The MID 4-acre mixed use development. Renderings in this post credited to: Design Distill. The MID 4-acre mixed use development. 

An algorithm we developed for unit optimization. 



This data-first approach means each project has better speed-to-market potential. In the case of the construction of the 250+ facade panels on the Providence Pedestrian Bridge, we created an algorithm to enable real time design adjustment. Data was stored in a way that SITU, the fabricator, didn’t have to start from scratch when recreating these panels in their software of choice. Working this way prevented process waste and quality issues, and construction was completed nearly 7 months ahead of schedule.

Providence Pedestrian Bridge. 

When designing the East Residence Hall at Lawrence Technological University, data manipulation helped us quickly determine facade options that maximized views while reducing the quantity and type of openings. This saved money in construction costs, while reducing material waste. Additionally, optimizing the programming module reduced the original square footage by 12%, while still allowing the finished building to maintain a standard of design excellence on campus.

When designing Cauley Ferrari in West Bloomfield Township, we determined that we would need to narrow the gap between digital representation and the physical manifestation of the complex three-dimensional surface that made up the building’s signature facade. The point cloud scan technology allowed for increased precision while providing tighter tolerances during prefabrication of the metal panels. The panels were fabricated and assembled in a shop-controlled environment, shipped and installed on site, and coordinated with the Construction Manager to ensure proper sequence of construction. The technology tools enabled a better design output, allowing the team to achieve an iconic exterior without wasting materials or billable time.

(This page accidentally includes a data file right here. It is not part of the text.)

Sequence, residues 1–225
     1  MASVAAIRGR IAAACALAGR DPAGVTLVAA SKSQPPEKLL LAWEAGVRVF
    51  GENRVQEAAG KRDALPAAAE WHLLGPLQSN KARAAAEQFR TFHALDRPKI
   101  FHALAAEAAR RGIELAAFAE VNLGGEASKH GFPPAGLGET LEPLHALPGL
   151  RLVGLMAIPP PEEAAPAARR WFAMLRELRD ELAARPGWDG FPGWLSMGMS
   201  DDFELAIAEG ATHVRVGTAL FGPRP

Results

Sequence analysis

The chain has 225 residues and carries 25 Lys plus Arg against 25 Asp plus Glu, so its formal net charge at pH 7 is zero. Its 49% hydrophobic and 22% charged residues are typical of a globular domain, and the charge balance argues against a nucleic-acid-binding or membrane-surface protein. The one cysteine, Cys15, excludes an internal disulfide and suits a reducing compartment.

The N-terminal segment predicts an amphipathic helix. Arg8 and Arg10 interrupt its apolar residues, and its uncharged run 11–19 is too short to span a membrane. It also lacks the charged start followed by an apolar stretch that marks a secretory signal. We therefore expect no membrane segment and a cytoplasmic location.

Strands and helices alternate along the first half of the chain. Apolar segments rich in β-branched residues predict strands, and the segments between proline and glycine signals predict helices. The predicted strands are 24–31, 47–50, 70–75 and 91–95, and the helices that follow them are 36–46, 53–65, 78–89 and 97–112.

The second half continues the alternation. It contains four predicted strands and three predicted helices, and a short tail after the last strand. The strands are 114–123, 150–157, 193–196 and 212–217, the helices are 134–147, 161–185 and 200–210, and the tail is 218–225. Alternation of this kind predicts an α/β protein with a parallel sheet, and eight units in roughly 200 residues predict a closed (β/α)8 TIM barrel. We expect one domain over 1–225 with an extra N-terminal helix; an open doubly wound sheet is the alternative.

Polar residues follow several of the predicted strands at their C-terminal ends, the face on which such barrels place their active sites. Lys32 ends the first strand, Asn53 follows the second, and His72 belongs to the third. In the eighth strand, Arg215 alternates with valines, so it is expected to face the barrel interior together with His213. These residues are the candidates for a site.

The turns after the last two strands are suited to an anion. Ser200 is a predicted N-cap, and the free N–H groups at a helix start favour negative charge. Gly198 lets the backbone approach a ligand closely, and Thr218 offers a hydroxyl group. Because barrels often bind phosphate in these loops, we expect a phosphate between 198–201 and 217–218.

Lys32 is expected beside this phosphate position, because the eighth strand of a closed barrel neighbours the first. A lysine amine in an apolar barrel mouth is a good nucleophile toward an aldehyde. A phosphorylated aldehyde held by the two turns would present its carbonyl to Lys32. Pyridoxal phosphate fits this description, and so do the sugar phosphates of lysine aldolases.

Lawrence Technological University.

Cauley Ferrari of Detroit.



Since developing and consistently reevaluating our toolkit, we’ve been able to work with our clients more collaboratively, and with better results. More advanced cost modeling and smarter proformas mean we have more information up front to inform our designs, while clients can better prepare for potential challenges ahead of time. Our data-driven process targets specific issues before we even begin design: stakeholder collaboration, process waste, cost modeling, and trend analysis to name a few. While traditional design processes are siloed, our approach allows us to identify input and output data and target solutions accordingly. Our approach helps ensure no one – clients, stakeholders, or architects – wastes time pursuing an idea that won’t get built. 

The process we developed is iterative. It is flexible, adapting to project and client needs in real time. Evaluating data before we even put pencil to paper means we can design smarter, faster, and more thoughtfully, and that’s what we’re about.


If you’d like to learn more or discuss some of these tools for a specific project, please email [email protected]

Photography credited to: Kroo Photography.
GIF image credited to: INFORM Studio. 
Renderings credited to: Design Distill.